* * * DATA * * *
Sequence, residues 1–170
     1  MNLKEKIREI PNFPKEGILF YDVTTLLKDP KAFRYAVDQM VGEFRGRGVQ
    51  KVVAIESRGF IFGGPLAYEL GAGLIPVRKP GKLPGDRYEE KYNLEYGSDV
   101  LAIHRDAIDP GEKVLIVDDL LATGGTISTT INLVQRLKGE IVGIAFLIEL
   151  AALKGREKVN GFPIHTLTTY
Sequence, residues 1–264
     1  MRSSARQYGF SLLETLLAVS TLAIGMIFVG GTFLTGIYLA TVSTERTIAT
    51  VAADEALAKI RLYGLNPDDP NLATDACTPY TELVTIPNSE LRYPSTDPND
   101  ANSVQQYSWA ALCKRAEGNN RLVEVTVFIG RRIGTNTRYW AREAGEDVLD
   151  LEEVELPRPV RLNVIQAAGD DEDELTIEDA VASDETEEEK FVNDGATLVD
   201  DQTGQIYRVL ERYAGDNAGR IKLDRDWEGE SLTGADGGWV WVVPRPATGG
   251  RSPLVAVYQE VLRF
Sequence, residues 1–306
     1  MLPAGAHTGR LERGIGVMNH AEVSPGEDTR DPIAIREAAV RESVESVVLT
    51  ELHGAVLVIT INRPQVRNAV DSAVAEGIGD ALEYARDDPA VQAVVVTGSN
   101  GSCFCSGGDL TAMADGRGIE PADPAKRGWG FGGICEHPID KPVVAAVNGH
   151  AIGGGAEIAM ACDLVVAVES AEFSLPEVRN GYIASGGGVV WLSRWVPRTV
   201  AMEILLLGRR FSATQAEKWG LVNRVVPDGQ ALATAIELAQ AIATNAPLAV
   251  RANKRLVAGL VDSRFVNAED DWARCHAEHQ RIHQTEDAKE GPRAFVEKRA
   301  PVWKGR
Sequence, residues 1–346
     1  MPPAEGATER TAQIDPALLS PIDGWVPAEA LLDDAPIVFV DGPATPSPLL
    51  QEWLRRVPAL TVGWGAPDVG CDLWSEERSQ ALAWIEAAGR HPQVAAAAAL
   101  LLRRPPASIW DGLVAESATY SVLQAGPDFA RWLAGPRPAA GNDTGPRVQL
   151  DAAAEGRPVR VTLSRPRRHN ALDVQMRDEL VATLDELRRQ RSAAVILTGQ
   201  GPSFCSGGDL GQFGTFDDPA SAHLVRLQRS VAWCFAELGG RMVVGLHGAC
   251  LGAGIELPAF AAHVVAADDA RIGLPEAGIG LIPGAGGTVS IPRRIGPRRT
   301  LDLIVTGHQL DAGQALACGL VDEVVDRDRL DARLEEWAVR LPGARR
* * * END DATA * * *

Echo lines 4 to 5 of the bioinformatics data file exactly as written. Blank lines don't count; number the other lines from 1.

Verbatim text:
   101  LAIHRDAIDP GEKVLIVDDL LATGGTISTT INLVQRLKGE IVGIAFLIEL
   151  AALKGREKVN GFPIHTLTTY